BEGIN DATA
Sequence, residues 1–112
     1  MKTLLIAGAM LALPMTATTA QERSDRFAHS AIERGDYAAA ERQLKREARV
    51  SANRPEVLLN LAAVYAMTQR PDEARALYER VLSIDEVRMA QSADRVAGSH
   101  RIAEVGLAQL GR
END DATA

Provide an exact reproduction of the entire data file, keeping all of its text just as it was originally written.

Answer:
Sequence, residues 1–112
     1  MKTLLIAGAM LALPMTATTA QERSDRFAHS AIERGDYAAA ERQLKREARV
    51  SANRPEVLLN LAAVYAMTQR PDEARALYER VLSIDEVRMA QSADRVAGSH
   101  RIAEVGLAQL GR